Now, Bale Breaker Brewing Company is ready to get in on the action.  They’ve partnered with Georgetown Brewing, Founders Brewing, Cloudburst Brewing and Pinthouse Pizza & Brewpub to create the Harvest Series Collaboration Series.  The beers have staggered release date from August through October.

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Sierra Nevada Partners With Brauhaus Miltenberger To Create The Ultimate Oktoberfest Beer

Images Courtesy Sierra Nevada Brewing Co.

I wonder how many young craft beer drinkers today realize that they owe the wonderful proliferation of craft beer in the U.S., in small part, to President Jimmy Carter and his brother Billy.  On October 14th, 1978, spurred on by his brother Billy who was a homebrewer, Jimmy Carter signed a bill into law which allowed homebrewing of beer in the United States. Prior to this ruling, Sierra Nevada founders, Ken Grossman and Paul Camusi, had already been homebrewing in California’s Butte County.  When it became legal, however, they decided it was time to go pro and in 1979 Sierra Nevada Brewing Company as born in Chico.

Their first beer was the popular and iconic, Sierra Nevada Pale Ale, followed soon after by Celebration IPA (now discontinued). Today, Sierra Nevada still brews many excellent and well known beers including: Torpedo Extra IPA, Otra Vez Gose, Hoptimum Triple IPA and, of course, their classic Bigfoot Barleywine plus, of course, their annual Beer Camp series of collaboration beers.  Now Sierra Nevada is ready to release their latest Seasonal creation.  This year, they have teamed up with Germany’s Brauhaus Miltenberger to create the ultimate Oktoberfest beer.

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Join Schooner Exact For A Hop Field Trip This September

Each year, as Fall approaches in the Northwest, it’s hop harvest time.  That can only mean one thing: Fresh Hop IPAs are coming.  Most beers are brewed using kilned or dried hops, usually in the form of compressed hop pellets.  Fresh Hop or Wet Hop beers, on the other hand, utilize fresh, un-kilned hops straight off the vine.  This allows them to retain all of their natural oils (some of which can be lost or reduced during the kilning/drying process), and impart a more Earthy and natural character to the finished beer.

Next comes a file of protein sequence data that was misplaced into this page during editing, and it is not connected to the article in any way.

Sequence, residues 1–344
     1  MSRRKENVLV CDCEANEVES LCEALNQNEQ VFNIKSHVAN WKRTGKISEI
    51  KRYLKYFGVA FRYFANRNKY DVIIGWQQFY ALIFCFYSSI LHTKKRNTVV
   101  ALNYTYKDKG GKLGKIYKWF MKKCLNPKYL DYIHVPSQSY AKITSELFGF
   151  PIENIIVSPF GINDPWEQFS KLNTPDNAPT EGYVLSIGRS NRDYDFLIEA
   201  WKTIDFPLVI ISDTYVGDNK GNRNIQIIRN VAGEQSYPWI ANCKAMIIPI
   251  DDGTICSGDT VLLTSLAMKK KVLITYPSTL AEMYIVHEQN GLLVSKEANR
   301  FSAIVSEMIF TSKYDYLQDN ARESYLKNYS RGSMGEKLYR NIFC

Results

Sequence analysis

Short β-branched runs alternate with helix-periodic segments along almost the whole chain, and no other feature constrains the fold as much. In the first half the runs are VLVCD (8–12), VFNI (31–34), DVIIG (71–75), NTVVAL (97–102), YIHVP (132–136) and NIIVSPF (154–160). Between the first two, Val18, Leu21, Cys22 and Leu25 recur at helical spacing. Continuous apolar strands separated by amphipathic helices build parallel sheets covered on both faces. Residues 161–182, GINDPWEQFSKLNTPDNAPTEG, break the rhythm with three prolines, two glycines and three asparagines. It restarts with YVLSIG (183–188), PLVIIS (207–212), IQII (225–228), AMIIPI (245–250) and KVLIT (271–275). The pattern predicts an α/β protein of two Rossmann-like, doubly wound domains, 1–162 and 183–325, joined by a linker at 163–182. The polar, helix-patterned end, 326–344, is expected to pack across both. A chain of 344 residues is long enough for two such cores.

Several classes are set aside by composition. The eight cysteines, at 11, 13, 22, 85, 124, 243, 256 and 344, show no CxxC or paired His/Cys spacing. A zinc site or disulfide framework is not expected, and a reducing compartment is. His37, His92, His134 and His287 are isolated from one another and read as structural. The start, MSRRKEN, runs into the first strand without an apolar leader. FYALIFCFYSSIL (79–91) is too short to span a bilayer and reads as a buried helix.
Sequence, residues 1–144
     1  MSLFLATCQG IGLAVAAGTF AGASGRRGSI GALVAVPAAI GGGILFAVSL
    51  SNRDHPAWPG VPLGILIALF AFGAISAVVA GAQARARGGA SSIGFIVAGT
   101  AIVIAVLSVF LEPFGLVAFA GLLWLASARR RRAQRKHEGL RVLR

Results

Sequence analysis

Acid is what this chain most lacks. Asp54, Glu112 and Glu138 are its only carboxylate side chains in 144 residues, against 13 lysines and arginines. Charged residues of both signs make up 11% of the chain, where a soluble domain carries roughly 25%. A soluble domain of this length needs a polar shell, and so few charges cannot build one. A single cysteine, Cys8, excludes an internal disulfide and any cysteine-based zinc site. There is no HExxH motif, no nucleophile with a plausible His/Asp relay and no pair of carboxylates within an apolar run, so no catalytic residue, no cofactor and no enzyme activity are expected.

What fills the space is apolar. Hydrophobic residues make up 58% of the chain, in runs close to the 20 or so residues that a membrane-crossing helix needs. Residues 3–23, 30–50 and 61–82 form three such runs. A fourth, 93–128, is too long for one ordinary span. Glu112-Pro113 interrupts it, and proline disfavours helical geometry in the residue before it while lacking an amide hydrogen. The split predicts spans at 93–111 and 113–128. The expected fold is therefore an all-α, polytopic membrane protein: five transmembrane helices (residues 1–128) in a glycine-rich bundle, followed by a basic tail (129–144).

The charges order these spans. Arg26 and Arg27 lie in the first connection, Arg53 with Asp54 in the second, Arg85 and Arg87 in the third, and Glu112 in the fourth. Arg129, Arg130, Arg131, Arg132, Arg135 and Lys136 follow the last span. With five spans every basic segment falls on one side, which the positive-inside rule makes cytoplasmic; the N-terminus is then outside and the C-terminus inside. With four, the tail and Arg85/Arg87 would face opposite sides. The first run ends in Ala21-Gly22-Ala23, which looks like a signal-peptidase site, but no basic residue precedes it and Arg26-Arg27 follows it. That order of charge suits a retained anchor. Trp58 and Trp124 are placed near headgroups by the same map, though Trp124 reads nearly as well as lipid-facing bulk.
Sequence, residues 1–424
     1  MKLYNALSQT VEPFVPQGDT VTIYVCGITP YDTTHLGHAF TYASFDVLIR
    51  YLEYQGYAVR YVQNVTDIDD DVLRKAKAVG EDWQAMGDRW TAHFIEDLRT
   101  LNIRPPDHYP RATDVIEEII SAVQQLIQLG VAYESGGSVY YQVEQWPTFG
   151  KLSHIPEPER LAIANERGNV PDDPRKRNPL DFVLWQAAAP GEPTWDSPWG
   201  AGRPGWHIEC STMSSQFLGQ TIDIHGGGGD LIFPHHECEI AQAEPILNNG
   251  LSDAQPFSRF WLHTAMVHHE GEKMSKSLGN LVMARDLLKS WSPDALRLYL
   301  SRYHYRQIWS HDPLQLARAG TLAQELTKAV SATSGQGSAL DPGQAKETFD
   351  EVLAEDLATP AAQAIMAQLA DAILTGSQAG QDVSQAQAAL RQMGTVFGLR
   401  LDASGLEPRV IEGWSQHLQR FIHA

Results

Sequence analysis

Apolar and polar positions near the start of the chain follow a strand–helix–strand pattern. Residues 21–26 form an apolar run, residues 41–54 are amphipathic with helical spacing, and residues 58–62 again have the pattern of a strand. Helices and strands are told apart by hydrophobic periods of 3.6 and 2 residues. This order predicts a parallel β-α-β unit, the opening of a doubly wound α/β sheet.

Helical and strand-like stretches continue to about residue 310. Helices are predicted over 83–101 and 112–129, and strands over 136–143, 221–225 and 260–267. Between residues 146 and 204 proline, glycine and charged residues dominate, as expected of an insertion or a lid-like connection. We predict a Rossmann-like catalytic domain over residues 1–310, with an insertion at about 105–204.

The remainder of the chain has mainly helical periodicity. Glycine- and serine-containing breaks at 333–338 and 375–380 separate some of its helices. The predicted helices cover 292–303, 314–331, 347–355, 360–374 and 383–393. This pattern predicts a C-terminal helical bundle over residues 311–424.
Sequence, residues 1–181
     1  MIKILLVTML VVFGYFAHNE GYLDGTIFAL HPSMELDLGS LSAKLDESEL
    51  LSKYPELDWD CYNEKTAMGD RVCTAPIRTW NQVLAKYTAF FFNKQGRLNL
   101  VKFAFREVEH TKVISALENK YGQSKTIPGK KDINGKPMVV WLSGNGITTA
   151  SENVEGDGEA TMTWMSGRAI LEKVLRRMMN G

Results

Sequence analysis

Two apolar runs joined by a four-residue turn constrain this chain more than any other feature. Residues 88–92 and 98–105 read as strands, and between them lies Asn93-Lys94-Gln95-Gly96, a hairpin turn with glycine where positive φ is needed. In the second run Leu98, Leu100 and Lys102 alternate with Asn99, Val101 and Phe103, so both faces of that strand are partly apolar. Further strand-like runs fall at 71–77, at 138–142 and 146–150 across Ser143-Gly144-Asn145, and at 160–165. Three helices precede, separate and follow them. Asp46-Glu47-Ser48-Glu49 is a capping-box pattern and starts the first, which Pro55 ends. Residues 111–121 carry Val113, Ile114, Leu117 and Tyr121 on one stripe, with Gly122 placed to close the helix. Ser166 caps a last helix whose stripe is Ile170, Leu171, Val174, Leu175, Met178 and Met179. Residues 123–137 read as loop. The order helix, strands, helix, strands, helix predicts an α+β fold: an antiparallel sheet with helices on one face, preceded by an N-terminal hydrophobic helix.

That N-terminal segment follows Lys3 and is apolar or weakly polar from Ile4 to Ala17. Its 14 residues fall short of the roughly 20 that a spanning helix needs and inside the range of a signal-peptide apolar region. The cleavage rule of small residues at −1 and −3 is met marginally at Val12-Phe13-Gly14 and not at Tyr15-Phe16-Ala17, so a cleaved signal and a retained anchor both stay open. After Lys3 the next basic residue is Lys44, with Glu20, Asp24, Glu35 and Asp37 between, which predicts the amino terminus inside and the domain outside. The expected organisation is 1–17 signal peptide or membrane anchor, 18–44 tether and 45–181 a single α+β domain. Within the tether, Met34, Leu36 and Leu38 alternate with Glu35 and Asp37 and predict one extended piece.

When brewing a Fresh Hop Ale, the hops must be utilized with 24 – 48 hours after picking to ensure freshness.  Any longer and they’ll start to become soggy and begin to develop mildew and rot.  So, when the season arrives, you’ll see plenty of trucks from local breweries making day-trips up to the Yakima Valley to procure their fresh hops for brewing.

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Lagunitas Brews Their First Seattle Exclusive Beer

I’ve always enjoyed the beers coming out of Lagunitas Brewing Company.  I even used to live in Petaluma, CA but I moved to Seattle just a few years after they opened and never had the opportunity to visit the brewery there (it was also before I started writing about craft beer).  That’s why I was excited when the news broke last year that Lagunitas would be opening a brewery right here in Seattle – taking over the space formerly occupied by Hilliard’s Brewing.

After a media/friends/family sneak peek, The Lagunitas Seattle Taproom And Beer Sanctuary opened their doors back on January 12th.  At the time, there was a rumor going around that the new Seattle location would be producing some pilot batches of new, unique beers that would only be available in the Seattle market.  Those rumors were quickly confirmed, but no date was set for when those Seattle-only brews would begin.

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50 Craft Breweries Unveil Their Recipes For Homebrewers

Are you a homebrewer?  Even if you aren’t, but you are a craft beer fan, I’m willing to bet you know at least a few people who are homebrewers.  I myself first started homebrewing well over 20 years ago (but I’m between systems right now, which is killing me!) and back then, just like today, many homebrewers started out by trying to recreate some of their favorite craft beers at home.

Back in my early days, when craft breweries were few and far between, the holy grail for many homebrewers was to successfully reproduce or ‘clone’ beers like Sierra Nevada Brewing‘s Pale Ale.  If you could do that as a homebrewer back in the early 90’s, then you really knew your stuff.  The challenge was that you pretty much had to come up with the recipe on your own.  The homebrewing community was much smaller, there were few helpful recipe guides and there was no brewing software like BeerSmith or Brewtarget  to help you out.